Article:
By Dr. Mary L. Milano and Kenya A. Jenkins-Wright,
Co-Chairs of the ISBA Steering Committee on Racial Inequality
In June of 2020, the Assembly of the Illinois State Bar Association overwhelmingly passed a resolution calling for an Association wide effort to examine the places and ways in which systemic racism might be reflected in the wide range of Illinois law. The resolution evoked both the past commitments and history of the ISBA as a leader in promoting justice in the legal system and in society, while at the same time presenting a challenge to all of us as members to move forward in the light which began to shine on our institutions and assumptions by the murder of George Floyd on May 25, 2020 at the hands of police, that is, of those civil society commended with protecting the rights and welfare of its citizens. That murder represents the first frame of what has become an Association wide project which joins contemporaneous efforts to address racism and injustice most intentionally and to examine the ways in which the ISBA looks at itself, pursues the transformative energy of diversity and inclusion and at the same time effects change in the systems of law and society in which we live, from which we benefit, and to which we owe the duty of our loyal but critical engagement. These efforts include the formation of the ISBA Steering Committee on Racial Inequality, outreach to and cooperation with affinity bars, and the efforts of President Anna Krolikowska and our leadership to incorporate and institutionalize the threefold concepts of diversity, equity and inclusion into the Association’s life and direction.
The Steering Committee is moving toward the completion of two years of work. This work really began with outreach to a wide and itself diverse group of members. To date, 24 ISBA members and/or affiliates have participated on the Steering Committee with demonstrated commitments to the advancement of social justice and equity in the legal system, has devolved in two related directions, both of which have been supported by the kind of exchange of ideas and progress from those ideas to actions, some with immediate impact and some of a long range nature. The most tangible of the Steering Committee’s efforts came together in support of the agenda for reform advanced by the Black Caucus of the State of Illinois Legislature, which crafted reasoned and long needed reforms in areas of the criminal justice system which have long had a disproportionate and unjust impact on those from communities of color. The ISBA and the Steering Committee were able to provide additional research in a timely manner to support initiatives of the Black Caucus, as well as support in advocacy, spearheaded at the Capitol by Jim Covington, ISBA Director of Legislative Affairs. As the Black Caucus crafted what became known as the Safe-T Act, the ISBA was proud of those in the Black Caucus and State of Illinois Legislature who are association members, very notably Senator Elgie Simms, whose views can in part be read in the December 2021 issue of the IBJ.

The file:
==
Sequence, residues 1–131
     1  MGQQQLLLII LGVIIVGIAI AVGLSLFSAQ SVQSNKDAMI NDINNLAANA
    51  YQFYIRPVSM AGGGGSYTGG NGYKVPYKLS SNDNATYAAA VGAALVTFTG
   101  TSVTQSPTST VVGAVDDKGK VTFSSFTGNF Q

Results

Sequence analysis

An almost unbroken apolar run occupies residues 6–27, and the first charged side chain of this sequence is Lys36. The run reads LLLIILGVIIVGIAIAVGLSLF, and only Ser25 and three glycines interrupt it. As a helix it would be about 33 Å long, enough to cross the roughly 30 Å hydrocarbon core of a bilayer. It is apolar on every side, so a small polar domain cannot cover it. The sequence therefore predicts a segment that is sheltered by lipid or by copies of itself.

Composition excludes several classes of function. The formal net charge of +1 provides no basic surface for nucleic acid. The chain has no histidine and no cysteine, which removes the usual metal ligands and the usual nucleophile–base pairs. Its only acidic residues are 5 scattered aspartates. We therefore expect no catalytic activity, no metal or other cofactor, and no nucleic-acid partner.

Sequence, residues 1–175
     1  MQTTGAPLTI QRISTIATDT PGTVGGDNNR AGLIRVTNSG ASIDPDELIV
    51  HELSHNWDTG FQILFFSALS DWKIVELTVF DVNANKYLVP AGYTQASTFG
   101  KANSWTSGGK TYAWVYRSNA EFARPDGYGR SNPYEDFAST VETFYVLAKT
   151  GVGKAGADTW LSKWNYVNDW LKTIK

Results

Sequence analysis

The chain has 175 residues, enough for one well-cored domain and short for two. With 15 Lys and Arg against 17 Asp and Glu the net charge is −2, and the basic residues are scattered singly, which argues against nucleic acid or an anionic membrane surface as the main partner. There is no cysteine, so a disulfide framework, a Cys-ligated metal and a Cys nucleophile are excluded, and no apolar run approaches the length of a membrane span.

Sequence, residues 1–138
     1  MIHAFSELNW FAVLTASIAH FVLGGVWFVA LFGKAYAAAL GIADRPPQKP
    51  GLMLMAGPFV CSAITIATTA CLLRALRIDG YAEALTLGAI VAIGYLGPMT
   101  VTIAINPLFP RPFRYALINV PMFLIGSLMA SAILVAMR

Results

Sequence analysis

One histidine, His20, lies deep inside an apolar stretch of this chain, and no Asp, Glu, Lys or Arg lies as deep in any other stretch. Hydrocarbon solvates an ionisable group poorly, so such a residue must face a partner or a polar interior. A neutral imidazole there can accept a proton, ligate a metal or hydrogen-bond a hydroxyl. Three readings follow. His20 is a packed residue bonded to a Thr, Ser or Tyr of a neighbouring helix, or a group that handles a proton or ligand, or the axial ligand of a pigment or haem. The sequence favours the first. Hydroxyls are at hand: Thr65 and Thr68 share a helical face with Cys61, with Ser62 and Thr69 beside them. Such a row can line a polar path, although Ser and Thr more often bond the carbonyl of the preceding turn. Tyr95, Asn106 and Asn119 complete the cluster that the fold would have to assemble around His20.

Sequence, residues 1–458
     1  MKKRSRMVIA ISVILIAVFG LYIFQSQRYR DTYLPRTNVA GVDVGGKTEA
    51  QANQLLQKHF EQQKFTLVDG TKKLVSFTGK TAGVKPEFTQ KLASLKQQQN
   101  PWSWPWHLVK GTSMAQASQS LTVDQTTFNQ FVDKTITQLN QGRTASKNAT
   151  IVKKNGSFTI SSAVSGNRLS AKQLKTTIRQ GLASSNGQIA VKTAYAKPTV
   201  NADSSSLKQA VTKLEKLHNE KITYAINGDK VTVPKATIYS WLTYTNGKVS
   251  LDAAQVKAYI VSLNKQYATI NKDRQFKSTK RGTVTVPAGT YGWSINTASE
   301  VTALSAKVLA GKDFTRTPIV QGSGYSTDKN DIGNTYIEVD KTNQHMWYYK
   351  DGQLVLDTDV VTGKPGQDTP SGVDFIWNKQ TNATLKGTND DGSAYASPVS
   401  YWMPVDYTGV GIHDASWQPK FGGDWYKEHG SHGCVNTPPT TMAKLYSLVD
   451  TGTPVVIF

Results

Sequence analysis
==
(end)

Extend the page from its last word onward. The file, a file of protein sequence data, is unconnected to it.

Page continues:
While criminal justice reform took center stage, the Steering Committee is also at work on areas of the law that are less obvious in their impact, including lending practices, real estate taxation and property assessment practices, and nursing home reform. The Steering Committee is reaching out to ISBA Section Councils and Standing Committees to extend and deepen focus and expertise.
The second emphasis of the Steering Committee is in the area of public education. The Committee created materials around election participation and procedures. Also, the Steering Committee is in the process of production of video resources educating the public on the Safe-T Act overall with specific information on bail reform in an attempt to clarify any inaccurate information in the press and other forums. Finally, the Steering Committee is collaborating with other ISBA Section Councils and Standing Committees as well as affiliate bar associations to reach groups typically overlooked – including the elderly and students in alternative schools.
The murder of George Floyd was the first frame or door into this work. Sadly, there is a second frame now, which looks very much like the first. On February 2, 2022, Amir Locke was killed by Minneapolis police while he slept, wrapped in a blanket on his couch. Locke was neither guilty of nor even a suspect of any crime. The question raised for us is whether the work we are doing matters in light of what seems to be a changeless world in which liberty interests and life itself are constantly at risk from the system that as lawyers we want to believe in. The answer perhaps is that while change comes slowly – too often too slowly for those whose lives are in the balance – we as lawyers have no choice but to believe. It is who we are and if we cannot make change, it can never happen.Back to Stories & News